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Publication numberUS6911266 B1
Publication typeGrant
Application numberUS 10/403,939
Publication dateJun 28, 2005
Filing dateMar 31, 2003
Priority dateMar 31, 2003
Fee statusLapsed
Publication number10403939, 403939, US 6911266 B1, US 6911266B1, US-B1-6911266, US6911266 B1, US6911266B1
InventorsErik Lee Skov
Original AssigneeRubbermaid Incorporated
Export CitationBiBTeX, EndNote, RefMan
External Links: USPTO, USPTO Assignment, Espacenet
Blow-molded articles with decorative finish
US 6911266 B1
Abstract
A blow-molded decorative article is disclosed which comprises a plurality of different polymers having different melt flow rates that cause inter-dispersion of the polymers upon blow-molding. The article is blow-molded from a multiple layer parison that a plurality of layers of like polymers, i.e., polyethylenes, polypropylenes, polystyrenes, etc., that have different melt flow rates and different colors. As a result in the differences in the melt flow rates, the polymers of the various layers mix upon blow-molding to create the look of a glazed ceramic pottery or an exterior pattern such as a tie-dyed marbleized or camouflaged pattern.
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Claims(19)
1. A decorative article comprising:
a structure blow molded from a parison comprising a first polyethylene and a second polyethylene, the first polyethylene having a first melt flow rate and a first color, the second polyethylene having a second melt flow rate and a second color, the first melt flow rate being at least 50% greater than the second melt flow rate, the first color being different than the second color, the first and second polyethylenes being inter-dispersed in the blow molded article.
2. The decorative article of claim 1 wherein the parison comprises multiple layers with each layer consisting of the first polyethylene or the second polyethylene.
3. The decorative article of claim 1 wherein the first melt flow rate is a high load melt flow rate and the second flow rate is a high load melt flow rate.
4. The decorative article of claim 1 wherein at least one of the first and second polyethylenes is mixed with an inorganic additive.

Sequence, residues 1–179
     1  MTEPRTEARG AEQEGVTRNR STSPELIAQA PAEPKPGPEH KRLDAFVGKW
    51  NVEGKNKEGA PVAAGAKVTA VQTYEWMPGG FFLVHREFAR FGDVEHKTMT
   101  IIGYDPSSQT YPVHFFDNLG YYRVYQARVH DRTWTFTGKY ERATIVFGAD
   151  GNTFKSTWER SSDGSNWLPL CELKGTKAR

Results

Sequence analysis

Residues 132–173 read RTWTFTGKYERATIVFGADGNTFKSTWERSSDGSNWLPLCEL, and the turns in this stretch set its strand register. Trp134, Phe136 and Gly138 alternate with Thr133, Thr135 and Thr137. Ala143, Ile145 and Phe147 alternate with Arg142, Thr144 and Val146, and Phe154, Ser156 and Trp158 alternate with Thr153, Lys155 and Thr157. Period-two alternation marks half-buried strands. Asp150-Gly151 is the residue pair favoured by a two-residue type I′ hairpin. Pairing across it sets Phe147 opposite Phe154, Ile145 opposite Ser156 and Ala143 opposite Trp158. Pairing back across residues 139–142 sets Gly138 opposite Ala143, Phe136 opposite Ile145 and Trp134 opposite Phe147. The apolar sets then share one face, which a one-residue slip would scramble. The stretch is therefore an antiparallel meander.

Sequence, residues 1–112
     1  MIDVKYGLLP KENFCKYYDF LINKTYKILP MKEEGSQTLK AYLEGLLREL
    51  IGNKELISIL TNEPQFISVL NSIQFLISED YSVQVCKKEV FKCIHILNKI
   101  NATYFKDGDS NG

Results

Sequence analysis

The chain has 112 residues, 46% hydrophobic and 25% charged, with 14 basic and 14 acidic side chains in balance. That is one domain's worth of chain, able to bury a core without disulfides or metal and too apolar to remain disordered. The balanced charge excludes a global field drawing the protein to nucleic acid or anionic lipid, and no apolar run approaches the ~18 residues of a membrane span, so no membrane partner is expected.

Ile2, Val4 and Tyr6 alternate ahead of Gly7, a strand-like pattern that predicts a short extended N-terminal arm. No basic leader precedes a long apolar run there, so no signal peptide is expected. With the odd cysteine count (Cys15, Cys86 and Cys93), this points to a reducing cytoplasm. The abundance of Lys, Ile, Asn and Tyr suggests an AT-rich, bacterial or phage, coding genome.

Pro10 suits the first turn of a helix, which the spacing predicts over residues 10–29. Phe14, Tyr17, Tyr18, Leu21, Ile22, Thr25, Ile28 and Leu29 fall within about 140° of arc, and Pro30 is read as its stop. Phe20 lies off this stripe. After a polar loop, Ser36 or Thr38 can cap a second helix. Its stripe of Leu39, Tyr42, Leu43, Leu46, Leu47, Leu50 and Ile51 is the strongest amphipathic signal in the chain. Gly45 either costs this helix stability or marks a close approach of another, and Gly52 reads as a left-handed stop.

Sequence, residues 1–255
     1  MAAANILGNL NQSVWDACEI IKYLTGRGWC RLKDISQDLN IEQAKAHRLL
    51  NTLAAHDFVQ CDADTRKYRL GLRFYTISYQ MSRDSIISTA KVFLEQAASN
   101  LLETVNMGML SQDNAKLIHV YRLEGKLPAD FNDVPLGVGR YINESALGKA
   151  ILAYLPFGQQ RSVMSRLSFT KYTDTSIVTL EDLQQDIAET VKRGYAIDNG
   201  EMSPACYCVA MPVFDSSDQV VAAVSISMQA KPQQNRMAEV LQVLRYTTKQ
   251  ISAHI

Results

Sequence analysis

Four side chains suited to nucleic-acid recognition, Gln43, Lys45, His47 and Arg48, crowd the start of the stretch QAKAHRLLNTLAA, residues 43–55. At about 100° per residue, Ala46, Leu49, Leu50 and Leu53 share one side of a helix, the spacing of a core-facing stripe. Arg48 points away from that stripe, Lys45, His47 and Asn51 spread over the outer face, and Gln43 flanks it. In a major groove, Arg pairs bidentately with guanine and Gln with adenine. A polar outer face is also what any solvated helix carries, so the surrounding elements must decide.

5. The decorative article of claim 4 wherein the inorganic additive comprises titanium dioxide.
6. The decorative article of claim 1 wherein the parison further comprises a third polyethylene, the third polyethylene having a melt flow rate that is at least 50 percent less than the second melt flow rate.
7. A decorative article comprising:
a structure blow molded from a multiple layer parison comprising at least one layer of a first polyethylene and at least one layer of a second polyethylene, the first polyethylene having a first melt flow rate and a first color, the second polyethylene having a second melt flow rate and a second color, the first melt flow rate being at least 50% greater than the second melt flow rate, the first color being different than the second color, the first and second polyethylenes being inter-dispersed in the blow molded article.
8. The decorative article of claim 7 wherein the parison further comprises a third polyethylene, the third polyethylene having a melt flow rate that is at least 50 percent less than the second melt flow rate.
9. A decorative article comprising:
a structure blow molded from a parison comprising a first polypropylene and a second polypropylene, the first polypropylene having a first melt flow rate and a first color, the second polypropylene having a second melt flow rate and a second color, the first melt flow rate being at least 50% greater than the second melt flow rate, the first color being different than the second color, the first and second polyethylenes being inter-dispersed in the blow molded article.
10. The decorative article of claim 9 wherein the parison comprises multiple layers with each layer consisting of the first polypropylene or the second polypropylene.
11. The decorative article of claim 9 wherein the first melt flow rate is a high load melt flow rate and the second flow rate is a high load melt flow rate.
12. The decorative article of claim 9 wherein at least one of the first and second polypropylenes is mixed with an inorganic additive.
13. The decorative article of claim 12 wherein the inorganic additive comprises titanium dioxide.
14. The decorative article of claim 9 wherein the parison further comprises a third polypropylene, the third polypropylene having a melt flow rate that is at least 50 percent less than the second melt flow rate.
15. A decorative article comprising: